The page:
American Filmmaker Detained In Venezuela Moved To Dangerous Prison



An opposition human rights group said Friday that Venezuelan authorities have moved a U.S. filmmaker jailed on espionage charges to a notoriously unruly prison where more than 20 inmates were killed in a 2011 riot.

Timothy Tracy, a 35-year-old Hollywood producer and actor, was moved Wednesday from the SEBIN secret police lockup in Caracas to El Rodeo prison, said Patricia Andrade, director of the Miami-based Venezuela Awareness Foundation.

Andrade cited as her sources relatives of other prisoners who were similarly transferred and who she said she cannot name for security reasons. She said they were moved out of the lockup because a bacterial illness had spread through SEBIN lockup.

Venezuela's prisons are badly overcrowded and plagued by lawlessness, with an estimated 70 percent of inmates awaiting trial. El Rodeo was controlled by armed, drug-dealing gangs before the June 2011 riot. Afterward, inmates held it for nearly a month before troops retook it.

A new pavilion for foreigners was inaugurated at the prison in December, but Andrade said that did not mean Tracy was safe.

The foundation said the prison "does not offer the most minimal guarantees for the physical and psychological safety of the detained foreigner." It calls Tracy a political prisoner.

The Associated Press called spokespeople at the interior and prisons ministries as well as the prosecutor's office seeking information about Tracy. All said they had no information.

A U.S. Embassy spokeswoman said she was not authorized to discuss the case because neither he nor his family had waived their privacy rights.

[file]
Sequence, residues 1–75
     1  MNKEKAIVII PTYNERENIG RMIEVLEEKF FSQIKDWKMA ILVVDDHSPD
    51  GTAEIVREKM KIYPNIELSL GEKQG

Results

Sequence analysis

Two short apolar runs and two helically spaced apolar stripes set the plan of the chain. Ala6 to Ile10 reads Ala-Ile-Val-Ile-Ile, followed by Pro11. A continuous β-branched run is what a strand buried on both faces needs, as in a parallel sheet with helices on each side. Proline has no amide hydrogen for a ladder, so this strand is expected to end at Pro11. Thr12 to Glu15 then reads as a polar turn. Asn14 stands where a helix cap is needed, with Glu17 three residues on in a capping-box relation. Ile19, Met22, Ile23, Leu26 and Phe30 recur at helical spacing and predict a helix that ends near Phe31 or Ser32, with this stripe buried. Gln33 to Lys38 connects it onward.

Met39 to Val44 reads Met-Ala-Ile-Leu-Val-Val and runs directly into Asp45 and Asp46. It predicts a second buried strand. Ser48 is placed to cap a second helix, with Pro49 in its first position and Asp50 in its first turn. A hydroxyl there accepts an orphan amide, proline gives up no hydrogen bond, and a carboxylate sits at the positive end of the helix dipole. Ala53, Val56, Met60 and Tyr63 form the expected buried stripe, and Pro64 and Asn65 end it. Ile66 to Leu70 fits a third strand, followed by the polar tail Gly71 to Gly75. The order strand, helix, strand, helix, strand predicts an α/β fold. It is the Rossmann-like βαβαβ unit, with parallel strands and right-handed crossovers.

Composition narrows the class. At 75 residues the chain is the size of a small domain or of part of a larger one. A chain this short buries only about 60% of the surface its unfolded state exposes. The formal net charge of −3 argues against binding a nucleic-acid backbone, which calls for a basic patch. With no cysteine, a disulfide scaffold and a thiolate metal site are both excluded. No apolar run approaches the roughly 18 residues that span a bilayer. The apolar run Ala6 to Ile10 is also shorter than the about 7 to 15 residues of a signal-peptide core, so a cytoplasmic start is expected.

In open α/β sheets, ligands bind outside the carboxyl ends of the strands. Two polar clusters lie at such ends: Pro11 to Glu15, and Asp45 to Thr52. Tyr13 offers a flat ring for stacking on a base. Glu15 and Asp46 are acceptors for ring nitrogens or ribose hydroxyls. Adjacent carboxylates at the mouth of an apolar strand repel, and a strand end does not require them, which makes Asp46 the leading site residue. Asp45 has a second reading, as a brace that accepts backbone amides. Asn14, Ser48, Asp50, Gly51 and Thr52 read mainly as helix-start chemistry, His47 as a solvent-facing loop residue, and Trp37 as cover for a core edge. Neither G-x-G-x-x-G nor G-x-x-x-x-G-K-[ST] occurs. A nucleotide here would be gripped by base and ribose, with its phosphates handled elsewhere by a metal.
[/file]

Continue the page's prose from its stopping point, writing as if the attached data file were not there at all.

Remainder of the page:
Tracy's sister, Tiffany, said via email that she was aware of the transfer but did not immediately offer additional information.

Tracy had been making a documentary about Venezuelan politics for about six months, family and friends say, when he was arrested on April 24 at Caracas' airport as he tried to leave the country to attend his father's 80th birthday in suburban Detroit.

U.S. President Barack Obama has called "ridiculous" Venezuelan government allegations that Tracy was a spy who was trying to destabilize the country.

Venezuelan officials allege Tracy paid young protesters to participate in violent demonstrations against the ruling party, which narrowly won the April 14 presidential election.

The opposition is contesting the results because it says President Nicolás Maduro won by fraud.

Based on reporting by The Associated Press.

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